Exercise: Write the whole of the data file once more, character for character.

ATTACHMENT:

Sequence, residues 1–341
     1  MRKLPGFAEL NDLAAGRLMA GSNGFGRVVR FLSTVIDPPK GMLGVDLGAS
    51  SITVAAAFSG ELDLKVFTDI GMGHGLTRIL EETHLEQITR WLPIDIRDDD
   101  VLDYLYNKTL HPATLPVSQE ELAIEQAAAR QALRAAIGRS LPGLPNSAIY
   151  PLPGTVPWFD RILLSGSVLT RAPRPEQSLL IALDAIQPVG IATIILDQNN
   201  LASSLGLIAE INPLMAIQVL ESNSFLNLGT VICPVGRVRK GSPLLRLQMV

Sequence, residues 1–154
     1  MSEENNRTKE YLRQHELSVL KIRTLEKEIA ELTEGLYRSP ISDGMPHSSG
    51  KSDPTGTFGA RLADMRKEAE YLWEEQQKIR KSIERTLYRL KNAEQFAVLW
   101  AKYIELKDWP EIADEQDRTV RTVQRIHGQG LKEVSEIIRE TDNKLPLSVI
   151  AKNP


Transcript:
Sequence, residues 1–341
     1  MRKLPGFAEL NDLAAGRLMA GSNGFGRVVR FLSTVIDPPK GMLGVDLGAS
    51  SITVAAAFSG ELDLKVFTDI GMGHGLTRIL EETHLEQITR WLPIDIRDDD
   101  VLDYLYNKTL HPATLPVSQE ELAIEQAAAR QALRAAIGRS LPGLPNSAIY
   151  PLPGTVPWFD RILLSGSVLT RAPRPEQSLL IALDAIQPVG IATIILDQNN
   201  LASSLGLIAE INPLMAIQVL ESNSFLNLGT VICPVGRVRK GSPLLRLQMV

Sequence, residues 1–154
     1  MSEENNRTKE YLRQHELSVL KIRTLEKEIA ELTEGLYRSP ISDGMPHSSG
    51  KSDPTGTFGA RLADMRKEAE YLWEEQQKIR KSIERTLYRL KNAEQFAVLW
   101  AKYIELKDWP EIADEQDRTV RTVQRIHGQG LKEVSEIIRE TDNKLPLSVI
   151  AKNP